Pay attention during the design phase to how content will be presented on the new site. Always be thinking: Do we have existing content to fill those boxes in the designs? Or will we need to create it? If there is new content to be created (as there most often is), do you have dedicated in-house resources to make this happen? Are your subject matter experts prepared to share details to help your writers deliver? Don’t forget that content also means images! We recommend making an internal content timeline that includes milestones and due dates to ensure that content delays don’t throw a wrench in your plans. If you don’t have the resources you need and are planning to hire, do this early on in the project so that your writers can be in aware of the strategy and design for the site. This will help speed their process, reduce rewrites and ensure that the copy is on target.
While it can be hard to understand requirements documentation, it is important, because it serves as the blueprint for how your site will be built. Requirements should be presented in the form of user stories for the technical build to help put things in simpler terms and define expectations. A user story put requirements into simple language and follows a common structure: As a (type of user), I need to (do something) so that I can (experience a result). While these may seem theoretical, they will impact the day to day reality for your content authors and site users. This is another area where you shouldn’t be afraid to ask questions to ensure that you know what you are approving and that you understand what it will mean once the site is launched.
Search Engine Optimization
With all of the activity prior to launch, SEO can fall through the cracks. It’s also a responsibility that may be split between your vendor and your internal team. With a little planning and coordination, you can ensure that SEO is in place prior to launch. Check in with your vendor about SEO, establish who is doing what and double check it all before launch. Moz has a handy pre-launch SEO checklist that lists SEO actions in priority order.
User acceptance testing (UAT)
During this stage, your team will be reviewing the website and entering feedback prior to launch. Ideally, your team will have plenty of time to check the site thoroughly on all devices and browsers, clicking every link and paying special attention to more complex functionality including forms, transactions and interactive features. It is also ideal for your vendor to have enough time to address the issues that your team finds prior to launch. However, in reality, this process can be constrained by launch deadlines, making clarity and communication essential. Be sure to prioritize issues, making it clear which are launch blockers and which are nice to have fixes. Include the URL the issue was discovered on, the browser, device and version being used, details describing the issue and the desired fix.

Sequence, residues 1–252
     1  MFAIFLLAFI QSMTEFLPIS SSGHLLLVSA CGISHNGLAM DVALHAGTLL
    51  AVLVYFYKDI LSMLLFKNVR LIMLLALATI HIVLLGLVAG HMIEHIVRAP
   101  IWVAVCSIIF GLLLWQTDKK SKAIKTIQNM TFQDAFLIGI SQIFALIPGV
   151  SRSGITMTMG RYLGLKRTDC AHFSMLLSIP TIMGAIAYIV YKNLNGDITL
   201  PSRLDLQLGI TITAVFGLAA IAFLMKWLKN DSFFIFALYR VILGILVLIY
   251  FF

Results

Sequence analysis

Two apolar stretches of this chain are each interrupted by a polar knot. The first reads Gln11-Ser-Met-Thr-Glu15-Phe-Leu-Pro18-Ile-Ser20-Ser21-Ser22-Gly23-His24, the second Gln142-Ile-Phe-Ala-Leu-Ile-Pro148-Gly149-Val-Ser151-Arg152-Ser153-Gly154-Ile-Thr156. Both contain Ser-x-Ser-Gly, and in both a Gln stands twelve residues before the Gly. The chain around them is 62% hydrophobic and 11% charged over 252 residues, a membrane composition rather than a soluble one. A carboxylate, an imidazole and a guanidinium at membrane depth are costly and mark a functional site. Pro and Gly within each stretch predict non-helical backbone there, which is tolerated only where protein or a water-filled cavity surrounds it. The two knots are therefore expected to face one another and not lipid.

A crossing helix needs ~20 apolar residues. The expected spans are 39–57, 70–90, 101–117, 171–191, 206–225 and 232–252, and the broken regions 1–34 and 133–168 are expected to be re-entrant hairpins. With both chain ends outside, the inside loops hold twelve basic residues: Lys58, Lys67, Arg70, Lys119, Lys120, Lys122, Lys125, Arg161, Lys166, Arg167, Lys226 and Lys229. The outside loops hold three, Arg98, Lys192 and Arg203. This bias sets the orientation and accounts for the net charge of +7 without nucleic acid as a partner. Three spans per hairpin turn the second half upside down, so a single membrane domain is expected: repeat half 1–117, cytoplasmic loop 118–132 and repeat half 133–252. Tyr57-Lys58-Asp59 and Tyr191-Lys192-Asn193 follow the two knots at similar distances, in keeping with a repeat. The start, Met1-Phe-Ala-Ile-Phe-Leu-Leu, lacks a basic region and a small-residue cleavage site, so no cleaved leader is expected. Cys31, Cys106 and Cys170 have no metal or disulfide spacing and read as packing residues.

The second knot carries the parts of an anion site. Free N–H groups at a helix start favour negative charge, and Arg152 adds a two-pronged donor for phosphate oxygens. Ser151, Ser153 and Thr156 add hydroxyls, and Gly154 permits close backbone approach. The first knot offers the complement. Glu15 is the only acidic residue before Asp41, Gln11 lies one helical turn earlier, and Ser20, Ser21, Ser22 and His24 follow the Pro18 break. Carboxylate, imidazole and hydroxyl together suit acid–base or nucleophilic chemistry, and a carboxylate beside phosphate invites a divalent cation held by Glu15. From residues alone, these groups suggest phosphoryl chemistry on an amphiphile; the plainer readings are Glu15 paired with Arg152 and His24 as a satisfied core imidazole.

Preparing for launch day
Talk with your vendor to make sure that there is a plan in place for launch day. Line up your core group up to test the site as soon as it is live and make sure your vendor will be available in case anything unexpected needs to be addressed. It’s best to delay announcing that the site is live until these final checks can be completed. If you need to announce the site launch in advance, plan the timing with your vendor and make sure there is enough buffer time to allow for a site review and bug fixes.
Don’t forget about support
Launch day is just the beginning! Inevitably your site will need something … whether it’s small bug fixes you discover after launch or some of those new feature ideas that came up in discovery but got put in the phase two bucket. In addition, keeping your CMS up to date and ensuring site security updates are in place is an ongoing and critical process. Website support is the answer. Having a support contract in place before launch ensures that you will not miss a beat and that you can evolve your site as you learn from using it, receiving feedback on it and examining analytics.